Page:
May 2008
Volume 49, Issue 13
Free
ARVO Annual Meeting Abstract  |   May 2008
Oculomotor Responses of Expert vs. Naïve Observers to Full and Impoverished Stimuli
Author Affiliations & Notes
  • A. M. Horwood
    Psychology, University Reading, Reading, United Kingdom
  • P. Riddell
    Psychology, University Reading, Reading, United Kingdom
  • Footnotes
    Commercial Relationships  A.M. Horwood, None; P. Riddell, None.
  • Footnotes
    Support  UK Dept of Health Grant PASI/PDA/01/05/031
Investigative Ophthalmology & Visual Science May 2008, Vol.49, 1794. doi:https://doi.org/
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      A. M. Horwood, P. Riddell; Oculomotor Responses of Expert vs. Naïve Observers to Full and Impoverished Stimuli. Invest. Ophthalmol. Vis. Sci. 2008;49(13):1794. doi: https://doi.org/.

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      © ARVO (1962-2015); The Authors (2016-present)

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Abstract

Purpose: : Previous studies of vergence and accommodation have shown that infants and patient groups perform less well than adults. This could result from either a developmental change or a naïve/expert effect since the adult studies often use optometry students and staff as participants, potentially expert observers. This study explicitly tested naïve vs. expert adult participants.

Methods: : A remote haploscopic off-axis videorefractor measured simultaneous accommodation and vergence (in dioptres and metre angles) to a detailed picture stimulus at 4 positions between 0.3m and 2m. Blur, disparity and looming cues were removed selectively by using a DOG patch, remote occlusion, and scaled targets respectively. Participants were tested with all combinations of cues (8 conditions). 10 undergraduates naïve to vision experiments were matched by age, refractive error, heterophoria, and fusion range with 10 orthoptics or optometry undergraduates ("experts") aware that accommodation and convergence were being studied. Instruction set was identical and minimal.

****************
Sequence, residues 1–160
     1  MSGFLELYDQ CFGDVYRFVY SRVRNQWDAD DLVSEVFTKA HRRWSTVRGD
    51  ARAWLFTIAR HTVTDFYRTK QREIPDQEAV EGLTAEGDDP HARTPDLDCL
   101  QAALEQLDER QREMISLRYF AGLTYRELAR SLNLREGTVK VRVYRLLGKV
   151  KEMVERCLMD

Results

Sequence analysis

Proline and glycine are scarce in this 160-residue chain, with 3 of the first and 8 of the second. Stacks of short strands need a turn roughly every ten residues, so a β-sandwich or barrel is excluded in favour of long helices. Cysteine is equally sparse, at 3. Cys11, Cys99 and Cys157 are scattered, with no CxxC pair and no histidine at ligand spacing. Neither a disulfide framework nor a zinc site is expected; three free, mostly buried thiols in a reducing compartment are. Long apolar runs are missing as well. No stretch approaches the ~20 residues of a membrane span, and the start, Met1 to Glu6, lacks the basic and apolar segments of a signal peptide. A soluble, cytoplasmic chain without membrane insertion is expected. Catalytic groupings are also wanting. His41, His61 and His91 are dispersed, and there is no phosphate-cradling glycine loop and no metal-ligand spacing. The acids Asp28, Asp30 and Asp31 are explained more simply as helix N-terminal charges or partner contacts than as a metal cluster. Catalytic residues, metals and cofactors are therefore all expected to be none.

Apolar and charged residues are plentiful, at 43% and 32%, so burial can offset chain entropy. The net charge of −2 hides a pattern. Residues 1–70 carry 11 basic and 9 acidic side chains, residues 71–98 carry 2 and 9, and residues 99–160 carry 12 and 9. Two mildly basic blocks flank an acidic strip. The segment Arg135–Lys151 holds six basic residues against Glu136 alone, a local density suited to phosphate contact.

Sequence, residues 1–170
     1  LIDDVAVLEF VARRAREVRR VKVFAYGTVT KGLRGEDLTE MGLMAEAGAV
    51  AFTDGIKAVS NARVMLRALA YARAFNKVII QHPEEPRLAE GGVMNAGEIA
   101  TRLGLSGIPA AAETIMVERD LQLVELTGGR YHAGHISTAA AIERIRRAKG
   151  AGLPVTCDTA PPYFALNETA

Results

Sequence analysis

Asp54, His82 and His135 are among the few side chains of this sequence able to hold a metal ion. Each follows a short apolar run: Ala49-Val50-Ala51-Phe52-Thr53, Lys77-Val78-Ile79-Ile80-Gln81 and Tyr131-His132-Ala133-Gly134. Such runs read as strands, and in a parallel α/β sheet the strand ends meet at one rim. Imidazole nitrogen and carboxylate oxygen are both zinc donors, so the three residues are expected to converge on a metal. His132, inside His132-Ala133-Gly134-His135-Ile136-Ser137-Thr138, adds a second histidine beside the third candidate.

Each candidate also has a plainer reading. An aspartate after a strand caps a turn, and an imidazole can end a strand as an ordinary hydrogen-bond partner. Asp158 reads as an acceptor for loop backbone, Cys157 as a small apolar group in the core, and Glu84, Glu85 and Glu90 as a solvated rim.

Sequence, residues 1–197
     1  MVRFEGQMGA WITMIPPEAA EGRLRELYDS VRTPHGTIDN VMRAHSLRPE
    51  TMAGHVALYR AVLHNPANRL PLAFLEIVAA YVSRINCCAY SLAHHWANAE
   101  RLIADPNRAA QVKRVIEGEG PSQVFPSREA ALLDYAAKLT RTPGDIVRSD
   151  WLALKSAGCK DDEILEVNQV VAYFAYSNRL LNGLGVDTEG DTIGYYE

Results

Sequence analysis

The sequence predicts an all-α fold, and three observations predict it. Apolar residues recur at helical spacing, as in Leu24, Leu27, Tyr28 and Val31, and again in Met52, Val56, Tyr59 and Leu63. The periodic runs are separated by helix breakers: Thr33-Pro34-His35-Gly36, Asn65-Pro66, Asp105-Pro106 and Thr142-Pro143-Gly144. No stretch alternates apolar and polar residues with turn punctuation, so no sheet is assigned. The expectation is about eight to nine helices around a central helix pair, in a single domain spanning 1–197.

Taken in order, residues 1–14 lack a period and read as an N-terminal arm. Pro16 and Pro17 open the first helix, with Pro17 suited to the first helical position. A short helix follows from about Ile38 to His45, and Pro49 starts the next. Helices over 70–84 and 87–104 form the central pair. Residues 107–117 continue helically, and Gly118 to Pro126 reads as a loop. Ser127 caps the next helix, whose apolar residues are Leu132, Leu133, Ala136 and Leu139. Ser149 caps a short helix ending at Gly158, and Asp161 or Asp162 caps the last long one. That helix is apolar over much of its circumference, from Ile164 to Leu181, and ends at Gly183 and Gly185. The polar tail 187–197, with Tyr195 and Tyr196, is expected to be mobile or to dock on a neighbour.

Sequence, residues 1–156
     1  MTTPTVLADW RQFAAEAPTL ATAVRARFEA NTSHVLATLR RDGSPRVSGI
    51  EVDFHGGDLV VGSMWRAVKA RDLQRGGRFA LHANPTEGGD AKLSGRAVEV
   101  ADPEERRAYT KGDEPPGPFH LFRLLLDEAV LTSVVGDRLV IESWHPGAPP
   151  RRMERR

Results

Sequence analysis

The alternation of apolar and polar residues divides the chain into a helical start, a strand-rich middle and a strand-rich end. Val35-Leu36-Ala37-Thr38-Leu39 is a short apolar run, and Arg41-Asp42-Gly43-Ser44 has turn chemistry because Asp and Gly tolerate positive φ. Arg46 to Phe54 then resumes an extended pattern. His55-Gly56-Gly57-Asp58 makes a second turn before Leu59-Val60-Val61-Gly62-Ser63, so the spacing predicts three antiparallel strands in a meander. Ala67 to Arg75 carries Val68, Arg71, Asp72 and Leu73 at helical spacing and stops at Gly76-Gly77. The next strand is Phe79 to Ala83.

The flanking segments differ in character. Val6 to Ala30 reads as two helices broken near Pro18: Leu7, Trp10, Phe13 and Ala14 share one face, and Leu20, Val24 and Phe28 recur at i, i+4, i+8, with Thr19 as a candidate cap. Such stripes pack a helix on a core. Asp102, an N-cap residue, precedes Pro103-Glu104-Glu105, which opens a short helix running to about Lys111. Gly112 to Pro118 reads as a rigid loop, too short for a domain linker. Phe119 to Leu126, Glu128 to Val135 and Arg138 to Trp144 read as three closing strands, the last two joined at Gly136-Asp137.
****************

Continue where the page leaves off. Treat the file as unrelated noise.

Results: : Mean stimulus/response slopes were higher in the expert group for vergence (p=0.001). Except for the proximity-only target, mean accommodation slope was also higher in the experts. Larger variance in the accommodation responses (particularly in the "experts") meant that the difference between groups did not reach significance in this small sample. 73% of vergence responses and 67% of the accommodation response slopes were steeper in the experts. While no participant over-converged by more than 10% for the target, many of the expert group over-accommodated.

Conclusions: : We suggest that knowledge of the theory of vergence and accommodation may enhance responses in comparison to the general population. Differences between many reports of adult values and developmental and clinical literature may reflect expert / naïve effects as well as developmental change.

Keywords: vergence • accomodation • development 
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